The question that immediately comes to mind is how do the people who punted on Wilson in 2016 get to keep their jobs and positions? They looked at the evidence, and even heard from scholars who were decidedly negative in their estimates of Wilson, such as this one from the University of Richmond’s Eric S. Yellin:

Far from being merely ignorant “men of their times,” Wilson and his administration sought to do something new when they delegitimized public objections to segregation by marking any protest as both insubordinate and fallacious. African Americans and some allies never accepted this argument, of course, but the vast majority of white Americans did not question it. In this way, federal discrimination, including administrators’ explanations of it, played its part in the national institutionalization of white supremacy in the United States in the early twentieth century.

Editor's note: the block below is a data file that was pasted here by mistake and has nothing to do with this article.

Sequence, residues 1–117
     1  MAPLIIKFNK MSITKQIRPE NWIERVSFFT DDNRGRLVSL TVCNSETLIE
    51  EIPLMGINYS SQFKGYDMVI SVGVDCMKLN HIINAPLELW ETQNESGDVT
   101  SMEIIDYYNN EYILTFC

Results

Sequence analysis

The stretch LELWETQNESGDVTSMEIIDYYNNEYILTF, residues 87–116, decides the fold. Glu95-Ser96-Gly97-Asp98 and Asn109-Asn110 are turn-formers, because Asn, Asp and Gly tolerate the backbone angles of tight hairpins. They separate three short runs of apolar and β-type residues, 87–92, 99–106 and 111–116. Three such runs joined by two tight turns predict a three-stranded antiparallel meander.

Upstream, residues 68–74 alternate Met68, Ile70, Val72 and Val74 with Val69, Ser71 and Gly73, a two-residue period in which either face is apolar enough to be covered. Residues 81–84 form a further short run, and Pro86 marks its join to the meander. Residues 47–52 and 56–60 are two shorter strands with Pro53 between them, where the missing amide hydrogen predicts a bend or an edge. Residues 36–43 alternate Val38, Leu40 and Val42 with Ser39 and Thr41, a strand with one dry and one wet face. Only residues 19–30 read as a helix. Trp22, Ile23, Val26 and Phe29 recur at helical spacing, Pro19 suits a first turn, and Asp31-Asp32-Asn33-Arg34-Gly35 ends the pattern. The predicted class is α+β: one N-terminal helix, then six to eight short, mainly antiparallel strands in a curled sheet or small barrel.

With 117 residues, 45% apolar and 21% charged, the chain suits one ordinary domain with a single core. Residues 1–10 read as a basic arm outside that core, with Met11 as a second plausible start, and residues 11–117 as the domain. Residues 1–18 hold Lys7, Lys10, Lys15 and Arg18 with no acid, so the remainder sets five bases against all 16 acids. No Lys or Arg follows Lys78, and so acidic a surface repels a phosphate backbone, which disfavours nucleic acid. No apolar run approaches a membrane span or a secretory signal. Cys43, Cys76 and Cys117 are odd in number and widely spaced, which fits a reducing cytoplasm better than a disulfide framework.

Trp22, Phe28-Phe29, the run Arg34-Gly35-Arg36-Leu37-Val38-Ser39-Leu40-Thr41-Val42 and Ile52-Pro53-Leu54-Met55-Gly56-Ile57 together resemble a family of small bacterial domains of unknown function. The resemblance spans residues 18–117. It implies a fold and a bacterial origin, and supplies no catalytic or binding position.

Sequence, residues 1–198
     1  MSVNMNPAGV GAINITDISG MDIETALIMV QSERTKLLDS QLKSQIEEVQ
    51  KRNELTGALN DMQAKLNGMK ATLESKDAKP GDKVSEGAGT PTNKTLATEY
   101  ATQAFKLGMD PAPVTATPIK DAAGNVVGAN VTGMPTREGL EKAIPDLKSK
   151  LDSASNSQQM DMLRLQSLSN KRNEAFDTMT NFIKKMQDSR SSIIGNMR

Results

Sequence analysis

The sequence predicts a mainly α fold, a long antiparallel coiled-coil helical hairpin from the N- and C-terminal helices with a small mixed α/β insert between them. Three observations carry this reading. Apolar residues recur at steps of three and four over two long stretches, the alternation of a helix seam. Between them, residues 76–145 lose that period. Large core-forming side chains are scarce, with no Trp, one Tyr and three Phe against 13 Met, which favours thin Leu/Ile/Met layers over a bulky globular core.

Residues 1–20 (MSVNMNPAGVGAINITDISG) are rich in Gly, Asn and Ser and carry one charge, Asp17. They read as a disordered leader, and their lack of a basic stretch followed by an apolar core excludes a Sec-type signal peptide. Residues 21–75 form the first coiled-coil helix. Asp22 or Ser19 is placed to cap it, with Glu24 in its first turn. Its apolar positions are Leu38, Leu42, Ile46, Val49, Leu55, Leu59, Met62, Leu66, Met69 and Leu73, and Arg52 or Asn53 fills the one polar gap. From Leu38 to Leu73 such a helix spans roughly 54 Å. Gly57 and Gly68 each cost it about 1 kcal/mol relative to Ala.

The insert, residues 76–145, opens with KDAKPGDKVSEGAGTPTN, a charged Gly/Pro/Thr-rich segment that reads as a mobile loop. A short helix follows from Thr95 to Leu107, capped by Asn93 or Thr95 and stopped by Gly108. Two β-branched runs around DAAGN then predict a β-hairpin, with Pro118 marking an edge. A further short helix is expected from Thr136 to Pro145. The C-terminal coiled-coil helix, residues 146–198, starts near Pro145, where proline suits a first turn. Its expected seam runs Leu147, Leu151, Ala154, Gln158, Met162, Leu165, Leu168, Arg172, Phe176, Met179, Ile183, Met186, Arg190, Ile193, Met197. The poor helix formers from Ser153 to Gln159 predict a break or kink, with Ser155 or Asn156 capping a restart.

Again, for the record, Princeton’s president and board of trustees read these words and decided to keep Wilson’s name. Why don’t they too need to vacate Princeton the way Wilson has? Could you have a better indication of racism according to 2020 standards?

By the way, it was a curious group of advisors to Princeton who commissioned reactions from historians and issued a report that kept Wilson’s name. It had nary an academic on it except for a retired president of Brown University. Otherwise, the ten member committee, chaired by an African-American attorney, Brent L. Henry, consisted of executives, financiers, lawyers, leaders of non-profits, and one writer (five men, five women — cisgender I presume; five whites, five non-white). Anyone of a social justicey inclination might well wonder whether these people too need to be cancelled.